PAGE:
Linked by David Adams on Tue 4th Dec 2007 19:39 UTC, submitted by michuk
Talk, Rumors, X Versus Y "It may be a brave opinion but I predict that Ubuntu Linux and Windows Vista are going to be the two operating systems that will take over the largest chunk of the desktop OS market during the next couple of years. This comparison is based on my experience with both systems during the last couple of weeks on two different computers."
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RE[2]: Give it some time
by cyclops on Tue 4th Dec 2007 21:06 UTC in reply to "Give it some time"
Member since:

""Non-tech people should *never* have to see command-line. ""

Give examples

Reply Parent Score: 1

RE[3]: Give it some time
by rockwell on Tue 4th Dec 2007 21:14 in reply to "RE[2]: Give it some time"
rockwell Member since:

//Give examples//

My neighbour, my dad, my sister, my wife, my co-workers, my .... lots of non-tech people.

Reply Parent Score: 1

RE[4]: Give it some time
by gilboa on Wed 5th Dec 2007 15:01 in reply to "RE[3]: Give it some time"
gilboa Member since:

.. Which most likely have a friend/relative/IT man that does the heavy lifting for them.

I've yet to see a single joe-Windows-user that managed to solve a major problem (broken installation/missing DLL/missing driver with no CD/etc) on its own.

- Gilboa

Reply Parent Score: 4

RE[3]: Give it some time
by miles on Tue 4th Dec 2007 21:29 in reply to "RE[2]: Give it some time"
miles Member since:

"Non-tech people should *never* have to see command-line. "

Give examples

- using a Wacom tablet now requires to edit xorg.conf;
- screen rotation (for LCD with panning support) still needs you to edit xorg.conf, then you can install the gnome applet and it will work;
- as usual, if you want to input any language using scim (Chinese, Korean, Japanese, etc...) but you're in an "occidental" locale, you also have to edit some files in addition to using System>Language settings. It's been like that since they broke it from Hoary to Breezy, and even though there's long and documented bug reports in Launchpad, nobody cared about it, except the users - I did set up a wiki to help people like me, but you still have to DIY (see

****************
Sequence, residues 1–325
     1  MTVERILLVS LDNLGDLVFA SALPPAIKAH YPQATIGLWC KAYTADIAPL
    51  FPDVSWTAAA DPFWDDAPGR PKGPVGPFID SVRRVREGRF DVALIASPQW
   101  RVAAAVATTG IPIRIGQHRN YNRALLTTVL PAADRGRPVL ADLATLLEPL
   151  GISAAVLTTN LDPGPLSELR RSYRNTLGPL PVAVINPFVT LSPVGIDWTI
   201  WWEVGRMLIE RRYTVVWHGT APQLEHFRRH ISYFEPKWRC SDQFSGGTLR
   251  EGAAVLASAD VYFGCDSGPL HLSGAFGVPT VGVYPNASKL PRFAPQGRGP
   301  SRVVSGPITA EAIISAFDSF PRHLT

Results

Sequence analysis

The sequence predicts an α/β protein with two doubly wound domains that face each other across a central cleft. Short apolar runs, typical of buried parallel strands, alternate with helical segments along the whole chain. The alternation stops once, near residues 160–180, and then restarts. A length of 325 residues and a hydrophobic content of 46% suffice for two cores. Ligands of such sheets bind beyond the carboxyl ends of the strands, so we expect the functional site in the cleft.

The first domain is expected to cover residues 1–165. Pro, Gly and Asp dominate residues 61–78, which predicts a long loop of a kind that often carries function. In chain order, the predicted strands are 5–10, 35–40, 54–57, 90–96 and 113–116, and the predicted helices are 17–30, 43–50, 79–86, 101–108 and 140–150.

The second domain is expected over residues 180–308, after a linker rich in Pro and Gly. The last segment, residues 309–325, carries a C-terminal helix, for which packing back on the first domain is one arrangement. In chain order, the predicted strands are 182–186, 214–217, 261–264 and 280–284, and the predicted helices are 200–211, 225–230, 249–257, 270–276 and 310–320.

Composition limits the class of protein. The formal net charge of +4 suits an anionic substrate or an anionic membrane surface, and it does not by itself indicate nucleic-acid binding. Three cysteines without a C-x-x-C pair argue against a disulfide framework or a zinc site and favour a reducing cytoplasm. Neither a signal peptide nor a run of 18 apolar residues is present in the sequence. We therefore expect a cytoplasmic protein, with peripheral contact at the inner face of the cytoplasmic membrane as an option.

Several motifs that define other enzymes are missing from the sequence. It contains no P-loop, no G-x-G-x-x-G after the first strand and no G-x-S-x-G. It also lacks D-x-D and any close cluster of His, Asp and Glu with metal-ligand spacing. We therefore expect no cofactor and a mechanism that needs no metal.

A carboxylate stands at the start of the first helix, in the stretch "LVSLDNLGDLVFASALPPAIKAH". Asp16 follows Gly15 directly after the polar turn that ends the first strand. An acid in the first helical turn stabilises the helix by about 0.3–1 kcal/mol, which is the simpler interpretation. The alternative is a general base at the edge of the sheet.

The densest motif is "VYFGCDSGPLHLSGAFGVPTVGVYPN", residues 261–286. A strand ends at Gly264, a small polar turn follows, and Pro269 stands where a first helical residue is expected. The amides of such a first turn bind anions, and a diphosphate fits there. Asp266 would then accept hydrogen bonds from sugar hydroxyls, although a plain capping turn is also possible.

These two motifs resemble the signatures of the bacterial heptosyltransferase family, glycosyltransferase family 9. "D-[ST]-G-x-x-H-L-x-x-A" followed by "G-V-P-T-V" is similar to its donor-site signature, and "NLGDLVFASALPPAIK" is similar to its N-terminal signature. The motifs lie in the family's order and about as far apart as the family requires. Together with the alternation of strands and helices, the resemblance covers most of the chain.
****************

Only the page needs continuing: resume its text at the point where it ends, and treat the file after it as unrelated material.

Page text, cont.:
I love Ubuntu, but these problem have been going on for *years*, have been documented by users, bug report filled and solvable by main devs whenever they'd like to solve them.

However, Ubuntu release notes *never* pointed them, even when they were definite regression and would mess user's system (especially the whole scim fiasco). Reviews (even OSNews reviews) don't talk about them either, even though one is a showstopper (scim) for many people, and one a serious issue (wacom).

Edited 2007-12-04 21:39

Reply Parent Score: 3

RE[4]: Give it some time
by Flatland_Spider on Tue 4th Dec 2007 22:34 in reply to "RE[3]: Give it some time"
Flatland_Spider Member since:

Canonical broke the vesa framebuffer in 7.10. Luckily I'm not the first one to have noticed this, so there was a thread about it in the forums. I'm starting to get the impression that Canonical doesn't build on releases. They seem to start out at square zero then see how far they can get on each release.

Reviews (even OSNews reviews) don't talk about them either, even though one is a showstopper (scim) for many people, and one a serious issue (wacom).

I don't think many reviewers live with the system for a long time. I suspect that most of them just install a OS under a VM, like VMware or VirtualBox, then write a review after playing with it for five minutes.

I think tech-journalism needs to have more long term reviews of OSes. Living with them day in and out on real hardware brings up a lot more faults. The high level fly-bys that pass as in dept reviews are just crap, and they do nothing for those of use who actually want to further our understanding of the OS.

Reply Parent Score: 5

RE[4]: Give it some time
by daschmidty on Wed 5th Dec 2007 19:30 in reply to "RE[3]: Give it some time"
daschmidty Member since:

A few command line related observations:
1) as someone already mentioned the command line is the easiest howto you can give, because you don't have to explain anything to a user about complex work that they have to do. Compare a windows howto to an ubuntu howto. Simple networking howtos on windows are pages long, filled with dozens of screenshots of config windows that all looks almost identical. A Linux howto is generally one page culminating in a few CLI commands with instructions "Open a console, and copy-paste" Can it get much simpler or more straightforward then copy-paste?

2. While people have already brought up the cli vs regedit argument, I prefer to reference the mac os 10.5. In a post earlier this week in the "mac osx10.5 is the new vista, the "3d" dock issue was brought up by many people. This was quickly trivialized by mac users with a simple fix:

"To make dock 2D go to terminal and type the following:
defaults write no-glass -boolean YES
killall Dock

To make dock 3D
defaults write no-glass -boolean NO
killall Dock

Granted it should be a preference item, but why does everyone whine so much about this?"

So apparently, it's no big deal to use the CLI is MacOS when setting "Power User" settings, but in Linux using the CLI for anything is immediately viewed as absurd. It's somewhat hypocritical, in that the mac cli, which is just a UNIX cli anyways, is seen as a feature that makes OSX more useful, flexible, and powerful, but the linux cli gets such a bad rap.

Edited 2007-12-05 19:31

Reply Parent Score: 5